Mechanisms by which African trypanosomes sense and respond to iron availability in the mammalian host

Lead Research Organisation: Lancaster University
Department Name: Division of Biomedical and Life Sciences


Living organisms have the ability to sense changes in their environment and adapt their gene expression to ensure their survival. The acquisition of nutrients from their environment is particularly important for unicellular organisms, especially for unicellular parasites that must acquire nutrients from their host. Iron is an essential element for the growth of all forms of life, and mammals tightly control the availability of iron to prevent the growth of invasive organisms by binding iron to a protein called transferrin.

The African trypanosomes are unicellular parasites that are transmitted by the bite of an infected tsetse fly in sub-Saharan Africa, and causes a disease in farm animals and humans. The parasite is able to fulfil its requirement for iron by expressing a protein that recognises and uptakes transferrin from its host, and importantly is able to rapidly increase the amount of this protein in response to iron starvation. The way the parasite is able to do this is not clear, but we do know that it is different to the mechanism used by mammals.

This project will investigate the way in which the parasite is able to sense and respond to iron starvation using a combination of experimental techniques that use parasite cells grown in flasks. Studying this mechanism is important as it will help us to understand how these parasites sense and adapt to their host environments, knowledge that will help in the fight against the diseases they cause. Improved fundamental understanding of these mechanisms is also important for our understanding of metabolic diseases and cancers where disregulation occurs.

Technical Summary

The ability of the African trypanosomes to sense and respond to their host environment is critical for their survival and virulence, and is achieved despite a near complete lack of transcriptional control that results in a reliance on RNA binding proteins (RBPs). The African trypanosomes Trypanosoma brucei and Trypanosoma congolense are vector borne parasites of domestic cattle and are a major cause of economic hardship in sub-Saharan Africa, with two sub-species of T. brucei also causing fatal infections in humans.

T. brucei acquire the essential nutrient iron by expressing its own transferrin receptor (TbTfR) to uptake transferrin from the mammalian host. Expression of TbTfR is dynamically regulated, with iron starvation inducing a rapid upregulation of the TbTfR (~5-fold in 6 h) equally at the mRNA and protein level by a mechanism distinct from the mammalian iron response protein (IRP)/ iron response element (IRE) system. We have recently shown that the iron starvation response in T. brucei is mediated through the TbTfR 3'UTR, as fusion of the 3'UTR to a reporter gene is sufficient to confer upregulation of reporter mRNA and protein levels upon iron starvation. The TfR receptor is conserved in T. congolense, although it is not currently known if the iron starvation response is maintained.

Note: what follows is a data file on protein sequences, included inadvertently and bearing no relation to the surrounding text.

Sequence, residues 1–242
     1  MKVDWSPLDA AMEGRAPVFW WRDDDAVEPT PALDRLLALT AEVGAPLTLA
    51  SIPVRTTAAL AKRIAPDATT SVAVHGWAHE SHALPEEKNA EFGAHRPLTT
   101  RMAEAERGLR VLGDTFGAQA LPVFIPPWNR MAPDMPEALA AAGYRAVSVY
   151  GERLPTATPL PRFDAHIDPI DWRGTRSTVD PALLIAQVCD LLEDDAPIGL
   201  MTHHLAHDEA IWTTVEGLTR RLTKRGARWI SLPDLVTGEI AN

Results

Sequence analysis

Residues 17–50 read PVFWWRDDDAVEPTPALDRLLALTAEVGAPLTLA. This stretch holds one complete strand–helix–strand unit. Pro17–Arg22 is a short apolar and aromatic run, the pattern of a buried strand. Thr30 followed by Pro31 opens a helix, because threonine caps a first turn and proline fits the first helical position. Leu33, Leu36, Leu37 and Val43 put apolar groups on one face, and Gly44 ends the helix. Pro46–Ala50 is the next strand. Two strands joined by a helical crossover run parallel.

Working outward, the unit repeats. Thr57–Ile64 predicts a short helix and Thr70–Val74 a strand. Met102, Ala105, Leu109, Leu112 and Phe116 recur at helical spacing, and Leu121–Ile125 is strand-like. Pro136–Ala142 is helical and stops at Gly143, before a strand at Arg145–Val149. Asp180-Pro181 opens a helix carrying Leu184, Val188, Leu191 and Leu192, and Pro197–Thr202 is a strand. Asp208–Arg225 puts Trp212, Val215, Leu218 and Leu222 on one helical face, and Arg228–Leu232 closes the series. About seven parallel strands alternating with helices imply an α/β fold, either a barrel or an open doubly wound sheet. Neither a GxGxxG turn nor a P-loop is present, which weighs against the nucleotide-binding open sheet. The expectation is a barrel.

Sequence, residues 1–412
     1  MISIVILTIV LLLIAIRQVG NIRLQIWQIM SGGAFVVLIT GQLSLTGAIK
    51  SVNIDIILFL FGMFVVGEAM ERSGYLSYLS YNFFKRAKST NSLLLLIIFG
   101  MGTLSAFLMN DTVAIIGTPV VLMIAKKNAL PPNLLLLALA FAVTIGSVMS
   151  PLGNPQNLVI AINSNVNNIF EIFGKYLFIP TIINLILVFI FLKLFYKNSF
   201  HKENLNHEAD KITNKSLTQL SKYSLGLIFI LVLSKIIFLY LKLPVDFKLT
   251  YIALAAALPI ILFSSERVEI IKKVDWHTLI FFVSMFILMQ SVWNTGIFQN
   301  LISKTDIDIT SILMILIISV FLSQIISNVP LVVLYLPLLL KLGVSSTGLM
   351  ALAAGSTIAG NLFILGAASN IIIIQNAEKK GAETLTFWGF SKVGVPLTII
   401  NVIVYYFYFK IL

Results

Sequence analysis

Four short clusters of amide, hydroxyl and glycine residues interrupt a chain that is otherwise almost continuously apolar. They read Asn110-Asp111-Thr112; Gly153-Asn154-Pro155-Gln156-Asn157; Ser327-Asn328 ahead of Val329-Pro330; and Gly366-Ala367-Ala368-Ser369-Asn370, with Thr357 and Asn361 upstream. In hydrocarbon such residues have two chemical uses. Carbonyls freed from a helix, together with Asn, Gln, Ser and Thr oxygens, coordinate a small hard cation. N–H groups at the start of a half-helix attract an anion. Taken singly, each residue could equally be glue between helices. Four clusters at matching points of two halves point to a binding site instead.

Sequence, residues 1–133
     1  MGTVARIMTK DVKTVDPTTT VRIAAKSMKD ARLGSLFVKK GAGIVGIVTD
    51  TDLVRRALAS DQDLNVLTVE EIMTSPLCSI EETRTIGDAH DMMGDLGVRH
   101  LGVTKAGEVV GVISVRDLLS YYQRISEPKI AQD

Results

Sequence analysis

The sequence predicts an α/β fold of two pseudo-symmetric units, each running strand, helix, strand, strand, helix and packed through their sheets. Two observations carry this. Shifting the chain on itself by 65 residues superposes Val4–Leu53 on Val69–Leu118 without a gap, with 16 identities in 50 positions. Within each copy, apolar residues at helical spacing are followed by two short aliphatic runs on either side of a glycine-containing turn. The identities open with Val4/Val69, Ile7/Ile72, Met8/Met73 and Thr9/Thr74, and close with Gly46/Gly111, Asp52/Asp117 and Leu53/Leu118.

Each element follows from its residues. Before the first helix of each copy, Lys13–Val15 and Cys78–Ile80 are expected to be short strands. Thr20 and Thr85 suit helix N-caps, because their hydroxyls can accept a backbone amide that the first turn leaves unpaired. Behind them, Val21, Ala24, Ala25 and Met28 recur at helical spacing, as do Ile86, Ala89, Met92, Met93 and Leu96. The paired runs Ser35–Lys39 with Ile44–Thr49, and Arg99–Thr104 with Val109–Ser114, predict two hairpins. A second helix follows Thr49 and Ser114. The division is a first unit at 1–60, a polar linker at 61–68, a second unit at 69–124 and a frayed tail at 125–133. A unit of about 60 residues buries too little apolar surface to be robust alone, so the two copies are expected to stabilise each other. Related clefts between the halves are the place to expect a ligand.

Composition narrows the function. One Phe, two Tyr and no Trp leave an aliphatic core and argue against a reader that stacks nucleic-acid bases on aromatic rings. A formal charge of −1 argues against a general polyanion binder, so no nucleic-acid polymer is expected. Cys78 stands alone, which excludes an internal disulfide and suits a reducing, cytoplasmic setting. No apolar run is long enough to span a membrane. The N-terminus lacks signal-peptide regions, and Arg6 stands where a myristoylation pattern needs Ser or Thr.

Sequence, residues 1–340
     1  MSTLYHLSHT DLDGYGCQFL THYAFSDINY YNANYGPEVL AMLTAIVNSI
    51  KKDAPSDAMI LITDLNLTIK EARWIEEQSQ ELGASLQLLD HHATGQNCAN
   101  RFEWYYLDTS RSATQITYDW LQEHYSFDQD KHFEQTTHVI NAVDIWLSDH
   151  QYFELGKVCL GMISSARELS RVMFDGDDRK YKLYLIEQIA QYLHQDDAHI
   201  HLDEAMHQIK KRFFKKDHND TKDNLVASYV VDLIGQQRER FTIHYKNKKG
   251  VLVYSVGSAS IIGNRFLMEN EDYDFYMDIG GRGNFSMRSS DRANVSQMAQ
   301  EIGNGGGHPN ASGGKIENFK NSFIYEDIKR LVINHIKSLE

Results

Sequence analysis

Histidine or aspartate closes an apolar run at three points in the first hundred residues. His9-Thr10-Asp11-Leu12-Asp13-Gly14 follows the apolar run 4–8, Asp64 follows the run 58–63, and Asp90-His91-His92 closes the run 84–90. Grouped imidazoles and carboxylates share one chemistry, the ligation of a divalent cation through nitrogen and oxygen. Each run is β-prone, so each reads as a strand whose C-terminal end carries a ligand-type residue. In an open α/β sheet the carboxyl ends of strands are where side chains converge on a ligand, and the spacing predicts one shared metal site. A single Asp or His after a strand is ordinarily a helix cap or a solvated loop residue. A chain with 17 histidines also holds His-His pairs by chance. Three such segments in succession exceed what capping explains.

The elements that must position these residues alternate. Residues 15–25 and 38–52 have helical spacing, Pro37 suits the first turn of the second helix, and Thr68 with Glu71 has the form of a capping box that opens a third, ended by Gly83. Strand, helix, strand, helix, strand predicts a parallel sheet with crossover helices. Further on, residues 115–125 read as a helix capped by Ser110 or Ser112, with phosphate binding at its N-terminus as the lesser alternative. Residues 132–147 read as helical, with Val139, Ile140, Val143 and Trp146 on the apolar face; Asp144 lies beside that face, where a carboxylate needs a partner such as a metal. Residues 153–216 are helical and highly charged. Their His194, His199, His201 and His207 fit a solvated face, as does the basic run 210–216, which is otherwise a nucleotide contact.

The iron starvation response pathway will be elucidated in T. brucei using SILAC-based quantitative proteomics to identify proteins and phosphorylation sites that are dynamically regulated under iron starvation conditions. Trans-acting RBPs that bind the TfR-3'UTR under normal and iron starvation conditions will be identified using quantitative proteomic analysis of the proteins affinity purified by immobilised TfR-3'UTR mRNA. We will also establish the extent of conservation of iron uptake, sensing and response in T. congolense.

Planned Impact

The project aims to improve our understanding of the fundamental biology of African trypanosome parasites that cause disease in economically important farm animals and humans in sub-Saharan Africa, and is likely to identify novel drug targets. Translation of this work into improved therapies for these diseases has the potential to improve economic performance, health and wellbeing in endemic areas.

Staff associated with the project will develop skills in genetic manipulation and proteomic technologies that are highly desirable in the UK Bioscience industry, and should they choose enter the commercial sphere this will promote knowledge exchange and add to the UK economic competitiveness.

The broad aims and outcomes of this research will be communicated to the public through the 'Parasites in a Box' outreach resource, inspiring the next generation of scientists and enabling members of the public to act as informed citizens.


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Description Parasites in a Box outreach project 
Form Of Engagement Activity Participation in an activity, workshop or similar
Part Of Official Scheme? No
Geographic Reach Regional
Primary Audience Schools
Results and Impact We have designed and created a 'Parasites in a Box' resource that contains interactive material and hands-on experiments about neglected tropical diseases, the insects that transmit them and the symptoms the parasites cause.The resource is regularly loaned to UK schools and is also used for University events, and highlights our research on a family of parasites known as trypanosomes. Feedback from participants (pupils and teachers) has reported increased interest in sciences and change in opinion towards neglected tropical diseases.
Year(s) Of Engagement Activity 2021,2022